Category Archives: Dojocho Talks

Kimbal Anderson-Sensei: Audio, video and essay

Sensing the habits of Nature… Sensing where you are…

– – –  by Kimbal Anderson Sensei

Sometimes, in a more internal kind of practice, we start talking about how directions have meanings…  I think of it more in terms of “properties”.

And I’ve heard different explanations, but let’s start with: magnetic North creates an orientation that we experience through the seasons.

A little wobble away from the North Star. And understanding that allows us to have some idea of where we are in the habits of nature, whether it be Spring or whatever…

So imagine that people have observed this phenomenon and then one of them discovered that there were invisible energies, not visible to your normal senses, until you know what you’re looking for, that were indicating where that magnetic North is, even in the daylight.

So… the ancients’ world may have been a little more interesting and plastic …

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Omoto-kyo version, Tokyo version, Iwama version…

August15CROPCOLORIZETIGHTER– – – by Kimbal Anderson Sensei

…I think we had O’Sensei’s  Omoto-kyo version and his Tokyo version and his Iwama version and we don’t understand that:  but his Omoto-kyo version was actually about penetrating the universe.  And people in Tokyo,  recovering from being utterly bombed  out by American B-29’s… well,  it’s tricky to get them interested, because they’re trying to eat. And the guys in Iwama are out in the country, going “I’m so glad we’re out here!” and most of them are high school kids…  But Omoto-kyo folks would have been ready to start setting the whole world aright, and to start raising people up…   They would have remembered what Deguchi said: “everything happens first to Omoto-kyo, then to Japan, and finally to the whole world…”   And they would have understood the aikido that O’Sensei was showing them to be a part of this…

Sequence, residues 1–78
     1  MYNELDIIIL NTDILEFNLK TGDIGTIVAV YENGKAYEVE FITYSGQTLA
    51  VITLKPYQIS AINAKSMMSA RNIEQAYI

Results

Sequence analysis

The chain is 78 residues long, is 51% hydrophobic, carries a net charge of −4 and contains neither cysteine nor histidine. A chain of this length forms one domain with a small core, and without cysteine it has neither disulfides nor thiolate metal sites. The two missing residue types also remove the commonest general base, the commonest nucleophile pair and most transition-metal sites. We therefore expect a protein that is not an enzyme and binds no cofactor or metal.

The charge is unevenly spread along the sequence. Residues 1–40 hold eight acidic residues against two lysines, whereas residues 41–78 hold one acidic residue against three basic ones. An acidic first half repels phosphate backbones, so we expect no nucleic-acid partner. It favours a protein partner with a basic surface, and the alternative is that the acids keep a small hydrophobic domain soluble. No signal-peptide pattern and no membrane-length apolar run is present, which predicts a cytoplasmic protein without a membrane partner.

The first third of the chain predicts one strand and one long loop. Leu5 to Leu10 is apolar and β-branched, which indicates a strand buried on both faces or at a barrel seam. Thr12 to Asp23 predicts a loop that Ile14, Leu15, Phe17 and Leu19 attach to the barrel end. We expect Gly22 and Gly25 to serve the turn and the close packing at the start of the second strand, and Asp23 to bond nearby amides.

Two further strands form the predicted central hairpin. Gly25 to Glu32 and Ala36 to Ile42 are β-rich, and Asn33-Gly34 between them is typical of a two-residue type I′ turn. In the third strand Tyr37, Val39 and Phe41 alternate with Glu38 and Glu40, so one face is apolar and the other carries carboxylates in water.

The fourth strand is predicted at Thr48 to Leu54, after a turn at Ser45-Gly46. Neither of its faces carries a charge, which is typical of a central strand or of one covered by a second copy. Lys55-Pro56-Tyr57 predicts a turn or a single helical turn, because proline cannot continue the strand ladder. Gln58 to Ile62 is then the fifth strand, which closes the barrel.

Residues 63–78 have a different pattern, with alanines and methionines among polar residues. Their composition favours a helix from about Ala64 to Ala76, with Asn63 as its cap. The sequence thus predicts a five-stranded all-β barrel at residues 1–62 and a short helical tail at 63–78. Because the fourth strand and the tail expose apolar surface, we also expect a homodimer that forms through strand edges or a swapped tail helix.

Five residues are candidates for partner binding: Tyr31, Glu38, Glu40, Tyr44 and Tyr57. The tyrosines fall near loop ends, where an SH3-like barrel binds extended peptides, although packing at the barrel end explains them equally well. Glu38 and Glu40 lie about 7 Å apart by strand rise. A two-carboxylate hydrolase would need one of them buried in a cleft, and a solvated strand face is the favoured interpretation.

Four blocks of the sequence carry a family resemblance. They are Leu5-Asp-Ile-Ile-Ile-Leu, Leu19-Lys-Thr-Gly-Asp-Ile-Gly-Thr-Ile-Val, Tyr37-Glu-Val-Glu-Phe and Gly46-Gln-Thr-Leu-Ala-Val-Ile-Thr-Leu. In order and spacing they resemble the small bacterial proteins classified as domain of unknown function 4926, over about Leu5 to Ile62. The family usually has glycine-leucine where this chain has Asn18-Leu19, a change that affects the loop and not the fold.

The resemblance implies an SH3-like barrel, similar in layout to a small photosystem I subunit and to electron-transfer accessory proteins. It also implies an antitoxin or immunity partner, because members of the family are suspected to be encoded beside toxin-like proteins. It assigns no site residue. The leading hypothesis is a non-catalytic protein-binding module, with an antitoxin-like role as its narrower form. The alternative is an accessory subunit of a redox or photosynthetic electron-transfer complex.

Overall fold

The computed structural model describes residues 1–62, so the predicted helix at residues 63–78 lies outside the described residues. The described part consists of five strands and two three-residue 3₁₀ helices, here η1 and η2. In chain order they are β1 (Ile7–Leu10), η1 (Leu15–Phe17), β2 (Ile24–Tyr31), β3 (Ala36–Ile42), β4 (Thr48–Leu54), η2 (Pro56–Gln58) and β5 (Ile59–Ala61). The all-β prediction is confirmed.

calligraphy by Onisaburo Deguchi: “August 15th DAY” – being the date of Japan’s surrender, the character for “DAY” being drawn in the archaic style that also means “GOD”,  and,  with a variant center:  “SU” – that is: AME-NO-MINAKA-NUSHI – that is: a new beginning.SUcrop

 

-~-~-~-~-~-~HOW TO BE A GOOD UKE~-~-~-~-~-~-

– – – by Kimbal Anderson Sensei

  • You have to be trying to get nage‘s center.  And then you have to let nage  get YOUR center. Depending on who you’re training with, you may have back off just enough so that they can get your center.

*

So.  The reason that we train the way we train is to help each other learn. So training has to be absolutely honest.  Honest is not being brutal, and over-coming the other person so that they can never do anything. Honest is not exerting an inappropriate amount of force for the level the other person’s at.

Being honest, you need to always take their center, or at least make a good attempt – and NOT with any stiffness – and we always want to get that little shift in balance – if not kuzushi, then the beginning of kuzushi – no matter what role we’re in. Because aiki doesn’t function,  in fact: no martial art functions,  unless you can do that.

So: if you’re uke and you’re working with someone who’s not as  experienced,  we use the correct grip,  so that it’s easy to take their center… so that it takes very little physical force to unbalance nage –  and then you hold that so that nage gets the feeling of “how do I work with that?…” “How do I restore, or avoid…?” or “How do I completely absorb this attack?” And then, hopefully,  their reflection back takes uke‘s center.

And that’s like the essence of benevolent but true training. And then you can increase the intensity as time goes on.

*

So, for instance, today we were working on the idea of what ura and omote are, and how omote might suddenly become very present with a certain kind of attack…